Manila, 1645 reconstructs what the city of Manila was like before the earthquakes of the mid-seventeenth century.
The book demonstrates the importance of addressing the history of Southeast Asia as a multi-layered framework, rather than a series of entangled histories. In doing so, Manila is contextualized not merely as a Spanish settlement connected to New Spain via America, but instead within Southeast Asia, situated between the Chinese and the Sulú Seas, and located in the centre of commercial routes used by Armenian, Dutch, and Portuguese traders. This historical and geographical context is crucial to understanding later cultural dialogues. Urban planning, housing and architecture, and social networks in the city are also examined.
The book will appeal to students and scholars interested in early modern history, global history and architectural history.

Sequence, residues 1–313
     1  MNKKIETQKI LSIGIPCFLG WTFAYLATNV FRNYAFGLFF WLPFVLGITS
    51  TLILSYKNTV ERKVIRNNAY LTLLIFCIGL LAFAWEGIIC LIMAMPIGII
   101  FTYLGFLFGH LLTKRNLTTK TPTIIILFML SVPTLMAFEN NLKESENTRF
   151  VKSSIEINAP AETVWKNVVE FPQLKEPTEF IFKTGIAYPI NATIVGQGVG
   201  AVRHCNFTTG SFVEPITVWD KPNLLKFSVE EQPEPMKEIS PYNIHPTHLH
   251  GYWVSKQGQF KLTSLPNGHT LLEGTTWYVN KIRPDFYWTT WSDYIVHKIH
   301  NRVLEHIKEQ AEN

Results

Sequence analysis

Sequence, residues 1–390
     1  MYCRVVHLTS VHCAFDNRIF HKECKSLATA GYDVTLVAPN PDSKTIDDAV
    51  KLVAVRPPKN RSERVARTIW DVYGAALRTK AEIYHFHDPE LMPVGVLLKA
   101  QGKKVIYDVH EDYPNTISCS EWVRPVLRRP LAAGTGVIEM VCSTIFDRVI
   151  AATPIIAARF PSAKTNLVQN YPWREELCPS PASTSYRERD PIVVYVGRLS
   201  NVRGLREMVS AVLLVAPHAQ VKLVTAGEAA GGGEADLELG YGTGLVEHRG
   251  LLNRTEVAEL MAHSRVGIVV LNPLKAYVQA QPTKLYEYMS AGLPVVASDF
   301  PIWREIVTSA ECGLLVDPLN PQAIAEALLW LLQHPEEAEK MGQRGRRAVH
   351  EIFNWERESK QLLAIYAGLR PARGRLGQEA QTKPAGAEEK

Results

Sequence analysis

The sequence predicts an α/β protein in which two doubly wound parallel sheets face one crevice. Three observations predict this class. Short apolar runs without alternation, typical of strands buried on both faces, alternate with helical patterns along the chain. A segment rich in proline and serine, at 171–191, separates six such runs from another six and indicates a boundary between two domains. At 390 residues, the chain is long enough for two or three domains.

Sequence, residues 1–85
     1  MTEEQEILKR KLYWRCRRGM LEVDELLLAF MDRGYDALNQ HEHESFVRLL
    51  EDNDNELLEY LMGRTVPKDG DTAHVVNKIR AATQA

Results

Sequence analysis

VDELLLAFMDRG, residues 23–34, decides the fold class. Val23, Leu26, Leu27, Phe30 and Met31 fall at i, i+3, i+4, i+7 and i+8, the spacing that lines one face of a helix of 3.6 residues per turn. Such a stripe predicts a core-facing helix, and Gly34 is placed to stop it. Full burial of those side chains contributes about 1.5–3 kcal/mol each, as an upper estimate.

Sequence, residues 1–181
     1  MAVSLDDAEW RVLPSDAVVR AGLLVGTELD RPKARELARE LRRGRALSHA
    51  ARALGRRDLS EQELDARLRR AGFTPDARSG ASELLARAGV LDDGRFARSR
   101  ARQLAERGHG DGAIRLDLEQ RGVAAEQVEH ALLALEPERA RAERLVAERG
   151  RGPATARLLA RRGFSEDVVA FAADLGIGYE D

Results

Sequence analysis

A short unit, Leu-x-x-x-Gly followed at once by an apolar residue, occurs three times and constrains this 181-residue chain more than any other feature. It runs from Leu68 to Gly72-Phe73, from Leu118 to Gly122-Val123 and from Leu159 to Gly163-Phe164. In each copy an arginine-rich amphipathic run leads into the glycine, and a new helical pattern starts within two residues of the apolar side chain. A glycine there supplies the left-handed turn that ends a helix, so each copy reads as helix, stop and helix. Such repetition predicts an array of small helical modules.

Table of Contents
1. Manila-Macao: The Final Jewel in the Iberian Global Crown
2. A Big Puzzle: Urban Planning of Old Intramuros
3. Portraits in Wood and Stone: Houses and Society
4. Cross-Cultural Dialogue: Adapting a Mediterranean House to the Tropic
Pedro Luengo is Associate Professor at the History of Art Department, Universidad de Sevilla. His publications include Intramuros: Arquitectura en Manila, 1739-1762 (2012), and The Convents of Manila: Globalized Architecture During the Iberian Union (2017).